We are looking for two things primarily when evaluating ATTO results. First, we are looking for 40 MB/s read/write at 512 B transfers, and the 670p gives us that and then some. Second, we are looking for full read speed at 128K transfers, and the 670p again delivers the goods. Impressive.
Real-World Testing: Transfer Rates & Gaming
Despite the limitations of a Gen3 interface, the 670p manages to do better than the Gen4 based MP600 CORE. In fact, the 670p lays down the fastest speed we've obtained from any flash-based Gen3 SSD we've ever tested. This is impressive even though it's not exactly reflected that way by our chart.
More of the same here. The 670p delivers amazingly for a Gen3 based SSD, but that's not reflected on our chart because it is swimming alone in a sea of Gen4 competition.
Okay, now on to the important stuff. Performance where it matters:
Game Level Loading
We believe gaming is performance matters to the majority of consumers, especially to the enthusiast crowd that TweakTown caters to. Take a look at the 670p now. Wow, amazing, it destroys all of its Gen4 competition except for the current performance champion WD Black SN850 1TB. Performance where it matters. This is an even more incredible feat when you consider that the 670p is a 4-channel QLC based Gen3 SSD. This is among the all-time best performances for any SSD in the history of SSDs.
Real-World Testing: PCMark 10 Storage Tests
PCMark 10 Storage Test is the most advanced and most accurate real-world consumer storage test ever made. There are four different tests you can choose from; we run two of them.
The Full System Drive Benchmark and the Quick System Drive Benchmark. The Full System Drive Benchmark writes 204 GB of data over the duration of the test. The Quick System Drive Benchmark writes 23 GB of data over the duration of the test. These tests directly correlate with user experience. Of the two tests, we feel that the Quick System Drive Test most accurately replicates a typical user experience.
PCMark 10 Full System Drive Benchmark
This test result serves to definitively affirm our assertion that sequential speeds as served up by Gen4 SSDs with fire breathing 8-channel controllers have little to do with useful performance or performance that actually matters to the end-user. This result also confirms that Intel has indeed designed the 670p with the aforementioned relevant performance metrics guiding their actions.
Intel's laser-like focus on "Performance that Matters Most" has accomplished what even we didn't think possible. The 670p marks the first time that we've seen a QLC based SSD capable of delivering a user experience that rival's ANYTHING ever made, and doing so in the last place we would expect to see it done; moderate to heavy consumer workloads.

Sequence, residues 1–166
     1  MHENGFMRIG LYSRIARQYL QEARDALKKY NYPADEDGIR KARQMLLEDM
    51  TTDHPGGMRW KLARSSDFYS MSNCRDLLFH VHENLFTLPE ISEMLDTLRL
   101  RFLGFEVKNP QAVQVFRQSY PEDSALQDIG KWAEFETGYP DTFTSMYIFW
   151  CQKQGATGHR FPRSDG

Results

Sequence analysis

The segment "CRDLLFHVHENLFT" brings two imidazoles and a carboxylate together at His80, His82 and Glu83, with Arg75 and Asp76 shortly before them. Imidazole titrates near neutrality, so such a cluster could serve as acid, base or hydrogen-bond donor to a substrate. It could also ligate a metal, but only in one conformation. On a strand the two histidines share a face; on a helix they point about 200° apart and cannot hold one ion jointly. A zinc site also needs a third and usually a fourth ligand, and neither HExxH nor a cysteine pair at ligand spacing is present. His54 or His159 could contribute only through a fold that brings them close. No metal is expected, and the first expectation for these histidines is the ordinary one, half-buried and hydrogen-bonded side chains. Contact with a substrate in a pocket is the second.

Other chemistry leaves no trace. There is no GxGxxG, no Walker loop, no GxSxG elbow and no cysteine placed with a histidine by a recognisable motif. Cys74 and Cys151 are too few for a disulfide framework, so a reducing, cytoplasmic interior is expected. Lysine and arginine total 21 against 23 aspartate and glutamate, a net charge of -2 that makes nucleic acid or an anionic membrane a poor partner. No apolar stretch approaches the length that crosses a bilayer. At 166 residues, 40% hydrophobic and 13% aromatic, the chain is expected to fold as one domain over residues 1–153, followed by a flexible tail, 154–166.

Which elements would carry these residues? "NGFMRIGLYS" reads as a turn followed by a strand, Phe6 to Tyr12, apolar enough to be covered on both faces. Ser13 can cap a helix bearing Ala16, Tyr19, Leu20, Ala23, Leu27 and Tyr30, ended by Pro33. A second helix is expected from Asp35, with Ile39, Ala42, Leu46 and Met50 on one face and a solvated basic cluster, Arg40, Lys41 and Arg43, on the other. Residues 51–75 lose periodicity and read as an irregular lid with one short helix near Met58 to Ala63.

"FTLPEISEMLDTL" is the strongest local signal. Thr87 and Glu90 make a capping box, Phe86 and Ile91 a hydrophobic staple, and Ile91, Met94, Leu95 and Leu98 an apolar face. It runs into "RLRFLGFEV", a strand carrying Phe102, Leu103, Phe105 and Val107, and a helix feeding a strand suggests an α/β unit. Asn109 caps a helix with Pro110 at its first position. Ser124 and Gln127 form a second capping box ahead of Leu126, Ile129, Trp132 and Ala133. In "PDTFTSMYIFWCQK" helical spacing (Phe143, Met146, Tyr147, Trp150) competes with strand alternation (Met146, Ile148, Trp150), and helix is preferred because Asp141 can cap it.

PCMark 10 Quick System Drive Benchmark
More exceptional performance where it matters most. For almost all intents and purposes that matter, the 2TB QLC based Gen3 Intel 670p is proving to be every bit as fast as the 980 Pro. Amazing.
In all honesty, we were a bit skeptical that Intel's 2TB 670p would be anything special when we found out that it was just another Gen3 based QLC SSD. We figured it would do pretty good in gaming because Intel's QLC based SSDs have been trending that way since its 665p series. We knew that Intel's fourth-generation QLC flash featuring 144 layers would bring with it a significant performance boost, but never in our wildest dreams did we imagine the 670p would run with the big dogs. QLC-based SSDs, even with Gen4 interfaces, have never been capable of delivering performance where it matters like this before. This is truly groundbreaking territory.
We rank SSDs in terms of overall user experience (performance where it matters most) as expressed by PCMark 10 storage tests. These traces cover a broad spectrum of consumer applications, tasks, booting, copying, and even gaming. Incredibly, Intel's 4-channel controlled, Gen3, QLC based 2TB 670p is dishing out user experience on the same level as fire breathing 8-channel controlled, TLC based, Gen4 SSDs capable of 7,000 MB/s sequential and 1-million random IOPS.
Intel's 2TB 670p is indeed "performance where it matters most" manifested in solid-state storage, and as such, relatively meaningless synthetic numbers are not its gig, with the exception of the one category where synthetic numbers are proven to correlate directly to user experience. Low queue depth random reads. The 670p is proof that our long-time assertion that the best synthetic indicator of actual real-world performance is in fact random read performance at QD1.
As we look back at our results, we find exactly what the 2TB 670p is all about. Synthetic numbers, with the exception of low queue depth read results, are certainly nothing to write home about. With 300K random IOPS as a ceiling, you will not get much in the way of synthetic eye candy. But what you do get with the 2TB 670p is gaming performance and overall consumer workload performance that is as good as it gets. This is what matters, and this is what makes Intel's 670p worthy of TweakTown's highest award.
- Low Queue Depth Read Performance
- Single Sided
- Free Software
- User Experience
- No Migration Software Directly from Intel
Performance where it matters most, density sweet spot and value pricing make Intel's 2TB 670p one of the most desirable PC components ever made, PERIOD.
What's in Jon's PC?
- CPU: AMD Ryzen 7800X 3D
- MOTHERBOARD: GIGABYTE AORUS Master X670E
- RAM: Kingston Fury Renegade 7200MHz 32GB
- GPU: ZOTAC AMP Extreme GeForce RTX 4090
- SSD: Crucial T700 2TB Gen5
- OS: Windows 11 Pro
- COOLER: Lian Li Galahad 360 AIO
- CASE: Lian Li Lancool III
- KEYBOARD: Corsair K65 RGB Mini
- MOUSE: SteelSeries AEROX 5 Wireless
- MONITOR: ASUS ROG Strix PG27AQN 360Hz 1440p ULMB2